Still, nowadays, even thought the policy was for a "special bottle" you can call many places and find they will have no problem with whatever you want.

                        "Special" could be expensive wine. "Special" can be a hard to find bottle. "SPecial" can be a bottle that has been laid down for years. "Special" can mean grammy maime's favorite white zin to have on hir 90th birthday. "Special" can mean "it's my birthday and I like this winne, dammit."

                        "Special" depends upon the individual.

                        It would, of course, be easier to figure out what's on a wine list if EVERY place posted their wine lists online or in public. Otherwise, it would be silly bringing a duplicate (of course, I feel like a chump paying $30 for a bottle I could buy myself for $15- $20.)

                        The trick? Whatever you spend, whatever you bring, make it special to you, and try to find something unique or interesting.

                        A true Sommalier appreciates a bottle with a story behind it, no matter what it is.

                        1. re: Diana

                          My habit is to always offer a taste to the Sommelier or chef or whomever appropriate. I also always bring a very serious wine (usually means high end or very rare... generally NOT inexpensive, almost always at least 3 digits), I also almost always buy a nice bottle of white or Champagne from the house. That coupled with never bringing something already on the list nets a very favorable welcome towards bringing wine in the future.

                          To avoid the potential problem of bringing something that is already on the list, I usually bring several options... also let's us select the best pairing for what we decide on eating. On many occasions, my insulated 'wine bag' is full to its complement of 6 bottles. Rarely have I found a wine list that has more than one (max two - VERY RARE) of the bottles that I bring on it. If I'm travelling or it is not practical to bring several bottles, I speak to the Sommelier ahead of time and talk about what I can/should/will bring.

                          1. re: woojink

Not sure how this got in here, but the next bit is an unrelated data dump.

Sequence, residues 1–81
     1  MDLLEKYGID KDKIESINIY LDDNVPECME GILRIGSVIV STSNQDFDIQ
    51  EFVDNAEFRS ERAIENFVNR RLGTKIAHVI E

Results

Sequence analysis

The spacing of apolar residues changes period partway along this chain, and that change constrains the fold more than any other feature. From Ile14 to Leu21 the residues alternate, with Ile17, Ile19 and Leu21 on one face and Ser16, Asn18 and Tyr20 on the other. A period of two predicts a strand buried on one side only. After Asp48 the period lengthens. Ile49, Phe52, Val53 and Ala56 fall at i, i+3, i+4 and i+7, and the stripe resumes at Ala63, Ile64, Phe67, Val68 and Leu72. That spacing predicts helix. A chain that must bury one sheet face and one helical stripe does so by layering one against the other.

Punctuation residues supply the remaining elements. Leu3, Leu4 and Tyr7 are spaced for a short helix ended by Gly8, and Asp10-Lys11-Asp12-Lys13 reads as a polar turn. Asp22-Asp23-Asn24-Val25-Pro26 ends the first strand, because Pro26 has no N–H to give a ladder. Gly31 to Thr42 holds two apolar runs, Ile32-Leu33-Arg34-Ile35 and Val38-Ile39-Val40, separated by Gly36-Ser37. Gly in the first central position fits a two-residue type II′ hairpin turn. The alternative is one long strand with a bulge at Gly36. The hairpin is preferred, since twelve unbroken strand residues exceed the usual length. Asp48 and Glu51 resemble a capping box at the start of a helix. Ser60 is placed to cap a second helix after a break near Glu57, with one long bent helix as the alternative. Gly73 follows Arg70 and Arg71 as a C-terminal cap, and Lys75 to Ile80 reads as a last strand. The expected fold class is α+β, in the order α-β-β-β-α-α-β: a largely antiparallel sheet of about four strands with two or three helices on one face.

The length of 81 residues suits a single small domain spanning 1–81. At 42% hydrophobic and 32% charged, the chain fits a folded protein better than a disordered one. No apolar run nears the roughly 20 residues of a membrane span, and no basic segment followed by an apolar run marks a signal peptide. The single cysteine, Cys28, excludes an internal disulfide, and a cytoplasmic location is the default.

Forgive me for being a complete rube, but what are the mechanics of offering a taste? After the sommelier opens do you just say, would you care for a taste, or after he pours to everyone else, or before he opens, or what? We don't take our own wine to restaurants, but recently we've gotten some really nice bottles on our trips to the wine country and have been thinking about it. Thanks!

                            1. re: writergirl

                              When I bring a great bottle of wine or champagne to a restaurant, I always ask the captain, waiter, sommalier, or whoever's opening, to bring an extra glass for themself.

                              1. re: 2chez mike

                                What 2chez mike said. I always tell the sommelier to bring a glass for him/herself. I remember a wine dinner where 9 of us each brought a bottle of wine. The sommelier (who we had contacted earlier in the week to set up the dinner) said that it looks like we will need 81 glasses. Everyone chimed in, "Nope, 90." BTW, it was a great dinner and the restaurant waived half the corkage fees. Nothing like steaks and older California Cabs.

                                I can think of several restaurants here in DC where the owner is "into" wine in a big way and they encourage us to bring wine because they know they will get to taste some wines that they don't have.

                                On the other hand, most sommeliers don't want more than a small amount since it they drank a half a glass for every bottle offered, they would be flying.

                              2. re: writergirl

                                They'll ask how many glasses you require. Tell them, and say, "Please bring one for yourself if you'd like, we would welcome your opinion."

                                1. re: writergirl

                                  At some point, I simply tell the sommelier (or the waiter) to bring an extra glass for themselves.

                                2. re: woojink

                                  "If I'm travelling or it is not practical to bring several bottles, I speak to the Sommelier ahead of time and talk about what I can/should/will bring."

                                  You know, I do the same makes sense, really.

                    2. Maybe they just don't want anyone taking advantage of the system by coming in and sharing a seventeen dollar appetizer and bringing in their own bottle of Two Buck Chuck. ;)

                      1. the good news Ric is that the Polo Lounge will never be one of your dining options, so you really do not have to worry about their idiotic policies. Truly meant for the crowd they attract, not anyone else. It could be $100, and that crowd still would not be overlyl concerned. They probably would not even know what wine to bring, nor to even bring a good wine at all.
                        Time to move on!

                        2 Replies
                        1. re: carter

                          Amen. Long live to His Majesty Sultan Haji Hassanal Bolkiah Mu'izzaddin Waddaulah.

                          1. re: RicRios

                            It's great that some of you can afford $100+ retail bottles of wine. There are those of us out here that want wine with dinner but don't want to pay $45 for a $15 bottle of wine that doesn't even taste good or then pay $75 for a $30 bottle that is at the current intersection of my taste vs. budget graphs. So we'll either pay a corkage or skip the wine altogether. A high corkage fee means that the restaurant will not make money from a corkage fee or their own wine.